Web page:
While the idea of a feature length animated film was nothing new to foreign countries, this was the first anywhere to have both sound and color. On top of that, Snow White had shockingly high quality animation and art production which blew competition away, and manages to hold up to this day. Another factor attributed to its standing out was Disney's simple yet effective story formula: use the characters, not the plot, to define the movie. While Snow White was derided during production, vilified as "Disney's Folly"- even by Disney's own wife- the film was an instant success when it released in theaters on December 21, 1937, receiving universal praise from critics and audiences and becoming the most financially successful motion picture of its time.

Nonetheless, all was still not well, for Disney's influence was a very mixed blessing upon the industry. On one hand, it began building on the once-unthinkable idea that animation could compete with live action, while on the other hand it led the animation industry to become much, much more expensive, requiring much more funding and far more skilled draftsmen. This demand robbed many established animators of their jobs, as they could no longer keep up with the wishes of their studios. In addition, almost every studio from the time period – sans Terrytoons – began copying Disney's works. Soon enough, everybody from the high-budget Fleischer brothers and MGM, led by former Disney veterans Harman and Ising, to low budget outlets including Walter Lantz, Van Beuren Studios, and the Ub Iwerks studio, were trying to imitate Disney. All of these attempts led to dead ends, however, as those studios only copied the superficial aspects of Disney cartoons- the fairy-tale-like settings, with their color and lush animation- while failing to import any of Disney's character or storytelling skills, which were just as crucial in helping Disney's works find their success.

In tune with the continuing evolution of animation, the Fleischer brothers found themselves making longer works, starting with three Popeye the Sailor two-reel cartoons- the first two releasing even before Snow White. Unfortunately, the success of these works, alongside that of the Popeye series as a whole, forced a major increase in the studio's already-voluminous workload, sparking tensions among lower-ranking staff members which, when compounded by the studio's rigid hierarchy system (in which full animators often received disproportionately higher pay than lower rungs on the workforce, such as assistant animators or inbetweeners), culminated in the animation industry's first large-scale strike in 1937. Owing to his paternalistic mentality, Max Fleischer was shaken by the protests of his staff, which he perceived as a 'betrayal', and opted to transfer the studio's premises to Miami to avoid further union action, despite the location's lack of filmmaking facilities or trained animation talent (which the Fleischers attempted to circumvent by hiring a number of animators and storymen from west-coast studios, including the rehiring of early Fleischer stalwarts Grim Natwick, Al Eugster and Shamus Culhane). Such inconveniences further complicated the production of the Fleischers' first feature film, Gulliver's Travels, which underwent at least one major narrative overhaul and, despite its relative financial success, suffered from creative conflicts between the Fleischer veterans and west-coast arrivals comprising the studio at the time. Subsequent attempts at creating new recurring characters and short series proved disastrous, placing the studio into a vulnerable state accentuated by the increased estrangement between Max and Dave Fleischer. Following the financial failure of the Fleischers' second feature, Mr. Bug Goes to Town (largely due to nonexistent marketing), the studio's fate was sealed: the Fleischers agreed to relinquish control fully to Paramount, who restructured it into the more creatively-conservative "Famous Studios", reduced the staff and, within a year, moved operations back to New York. The dark final years of the Fleischer studio did have at least one light among them, however, these being the first Superman cartoons, noted for their lavish aesthetic qualities and unusually-bombastic effects animation.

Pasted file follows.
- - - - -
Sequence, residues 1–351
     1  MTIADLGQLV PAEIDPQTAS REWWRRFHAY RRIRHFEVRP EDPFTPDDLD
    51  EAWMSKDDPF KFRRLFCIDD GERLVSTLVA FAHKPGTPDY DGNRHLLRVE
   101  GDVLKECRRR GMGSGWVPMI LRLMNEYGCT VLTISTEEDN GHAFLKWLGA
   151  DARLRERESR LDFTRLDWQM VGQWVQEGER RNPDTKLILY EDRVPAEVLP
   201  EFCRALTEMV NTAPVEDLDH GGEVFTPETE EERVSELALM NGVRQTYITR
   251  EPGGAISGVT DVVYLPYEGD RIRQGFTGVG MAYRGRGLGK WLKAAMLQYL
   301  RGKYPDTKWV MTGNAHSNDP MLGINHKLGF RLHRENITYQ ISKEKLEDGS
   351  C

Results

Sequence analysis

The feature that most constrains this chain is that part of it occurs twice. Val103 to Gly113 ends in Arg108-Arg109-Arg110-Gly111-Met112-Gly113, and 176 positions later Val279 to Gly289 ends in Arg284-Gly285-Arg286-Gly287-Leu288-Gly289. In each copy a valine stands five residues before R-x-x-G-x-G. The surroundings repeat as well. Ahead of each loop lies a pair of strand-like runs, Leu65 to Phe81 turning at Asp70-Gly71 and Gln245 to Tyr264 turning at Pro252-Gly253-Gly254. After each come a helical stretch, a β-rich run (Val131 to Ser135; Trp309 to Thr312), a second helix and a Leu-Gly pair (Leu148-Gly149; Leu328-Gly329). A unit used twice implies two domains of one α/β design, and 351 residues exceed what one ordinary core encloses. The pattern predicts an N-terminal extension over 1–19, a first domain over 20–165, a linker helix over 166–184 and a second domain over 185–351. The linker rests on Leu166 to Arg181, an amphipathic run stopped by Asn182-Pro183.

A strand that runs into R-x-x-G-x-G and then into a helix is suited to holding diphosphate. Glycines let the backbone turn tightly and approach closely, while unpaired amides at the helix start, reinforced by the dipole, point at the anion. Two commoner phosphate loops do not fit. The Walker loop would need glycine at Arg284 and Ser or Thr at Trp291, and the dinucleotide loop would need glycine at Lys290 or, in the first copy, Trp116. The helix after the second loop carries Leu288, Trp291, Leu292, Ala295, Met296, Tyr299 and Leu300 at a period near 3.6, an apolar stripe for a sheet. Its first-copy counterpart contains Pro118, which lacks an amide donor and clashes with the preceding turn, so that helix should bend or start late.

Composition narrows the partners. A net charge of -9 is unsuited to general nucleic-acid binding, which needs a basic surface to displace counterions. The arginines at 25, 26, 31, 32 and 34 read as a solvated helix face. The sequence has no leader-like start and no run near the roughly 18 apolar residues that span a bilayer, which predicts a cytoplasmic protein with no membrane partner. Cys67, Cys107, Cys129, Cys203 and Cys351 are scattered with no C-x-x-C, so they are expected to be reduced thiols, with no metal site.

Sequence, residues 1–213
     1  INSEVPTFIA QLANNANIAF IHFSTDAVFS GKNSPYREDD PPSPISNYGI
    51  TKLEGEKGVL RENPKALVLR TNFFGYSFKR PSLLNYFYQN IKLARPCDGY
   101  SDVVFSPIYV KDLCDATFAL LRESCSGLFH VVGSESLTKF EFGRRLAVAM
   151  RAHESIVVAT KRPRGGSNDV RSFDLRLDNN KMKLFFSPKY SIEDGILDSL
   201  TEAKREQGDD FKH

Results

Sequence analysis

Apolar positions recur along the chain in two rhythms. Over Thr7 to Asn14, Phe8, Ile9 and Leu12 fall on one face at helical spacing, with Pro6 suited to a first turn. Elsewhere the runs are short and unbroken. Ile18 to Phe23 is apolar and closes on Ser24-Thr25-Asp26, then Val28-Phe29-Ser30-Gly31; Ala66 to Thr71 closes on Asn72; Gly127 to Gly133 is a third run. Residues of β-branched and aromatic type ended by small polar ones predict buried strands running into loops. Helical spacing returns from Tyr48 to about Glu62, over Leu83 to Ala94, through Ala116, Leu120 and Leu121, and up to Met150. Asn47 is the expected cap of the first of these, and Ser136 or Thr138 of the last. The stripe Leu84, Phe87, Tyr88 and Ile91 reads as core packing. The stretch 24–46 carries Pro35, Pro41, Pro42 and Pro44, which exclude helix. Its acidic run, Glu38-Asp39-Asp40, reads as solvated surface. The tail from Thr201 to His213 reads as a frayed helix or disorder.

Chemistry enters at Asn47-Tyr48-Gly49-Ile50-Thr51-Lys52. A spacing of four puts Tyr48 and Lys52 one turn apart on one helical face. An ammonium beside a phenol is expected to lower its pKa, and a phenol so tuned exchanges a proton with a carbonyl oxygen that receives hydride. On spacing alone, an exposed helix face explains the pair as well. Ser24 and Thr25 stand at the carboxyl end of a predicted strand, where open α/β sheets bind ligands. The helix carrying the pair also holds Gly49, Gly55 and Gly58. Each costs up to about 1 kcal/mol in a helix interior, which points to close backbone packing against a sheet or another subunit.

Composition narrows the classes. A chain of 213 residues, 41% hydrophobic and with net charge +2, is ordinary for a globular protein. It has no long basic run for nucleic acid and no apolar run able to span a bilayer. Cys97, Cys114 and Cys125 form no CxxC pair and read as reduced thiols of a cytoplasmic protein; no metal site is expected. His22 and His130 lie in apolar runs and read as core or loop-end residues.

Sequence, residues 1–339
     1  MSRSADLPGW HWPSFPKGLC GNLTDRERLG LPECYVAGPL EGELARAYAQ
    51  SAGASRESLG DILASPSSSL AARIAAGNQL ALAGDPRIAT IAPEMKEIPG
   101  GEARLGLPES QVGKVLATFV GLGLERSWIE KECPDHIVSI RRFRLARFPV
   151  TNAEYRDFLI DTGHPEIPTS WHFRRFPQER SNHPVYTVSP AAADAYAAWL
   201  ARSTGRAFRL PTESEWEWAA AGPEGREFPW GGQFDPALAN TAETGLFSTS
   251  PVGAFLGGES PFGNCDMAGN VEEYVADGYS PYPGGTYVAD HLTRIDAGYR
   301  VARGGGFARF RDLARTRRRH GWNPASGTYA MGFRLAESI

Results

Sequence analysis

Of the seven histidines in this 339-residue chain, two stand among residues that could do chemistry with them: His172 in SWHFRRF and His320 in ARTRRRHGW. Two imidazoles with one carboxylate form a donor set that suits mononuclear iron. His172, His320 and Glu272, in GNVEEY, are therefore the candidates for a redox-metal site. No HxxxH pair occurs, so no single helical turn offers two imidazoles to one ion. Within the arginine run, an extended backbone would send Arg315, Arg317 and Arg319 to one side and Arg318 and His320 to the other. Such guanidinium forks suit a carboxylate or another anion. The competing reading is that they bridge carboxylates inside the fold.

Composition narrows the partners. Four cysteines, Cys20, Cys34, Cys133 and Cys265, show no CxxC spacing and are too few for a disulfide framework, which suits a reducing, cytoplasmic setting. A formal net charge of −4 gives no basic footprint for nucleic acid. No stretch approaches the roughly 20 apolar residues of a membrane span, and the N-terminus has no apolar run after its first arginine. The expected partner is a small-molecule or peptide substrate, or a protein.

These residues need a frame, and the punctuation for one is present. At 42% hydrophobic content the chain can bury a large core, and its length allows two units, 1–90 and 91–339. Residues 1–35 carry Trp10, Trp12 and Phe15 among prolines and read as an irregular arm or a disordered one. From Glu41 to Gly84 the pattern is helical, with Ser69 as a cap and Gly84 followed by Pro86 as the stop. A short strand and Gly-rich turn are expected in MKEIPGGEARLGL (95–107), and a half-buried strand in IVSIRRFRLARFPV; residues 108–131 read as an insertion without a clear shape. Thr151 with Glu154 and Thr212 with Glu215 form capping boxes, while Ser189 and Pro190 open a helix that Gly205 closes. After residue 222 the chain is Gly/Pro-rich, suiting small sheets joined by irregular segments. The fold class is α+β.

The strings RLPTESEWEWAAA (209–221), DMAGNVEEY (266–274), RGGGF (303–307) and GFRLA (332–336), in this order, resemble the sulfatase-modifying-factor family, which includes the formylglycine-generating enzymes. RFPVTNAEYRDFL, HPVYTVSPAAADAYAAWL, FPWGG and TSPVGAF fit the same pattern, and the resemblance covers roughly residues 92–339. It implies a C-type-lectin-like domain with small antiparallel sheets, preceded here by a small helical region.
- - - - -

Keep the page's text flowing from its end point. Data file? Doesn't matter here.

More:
Meanwhile, Warner Bros.' Leon Schlesinger Productions saw the arrival of Tex Avery, whose gag cartoons broke with the "Disney-aping" formula imposed by Harman and Ising there. The success of Daffy Duck led to the rise of other "screwball" characters such as Goofy, in contrast to the "everyman" characters embodied by Mickey Mouse and Porky Pig.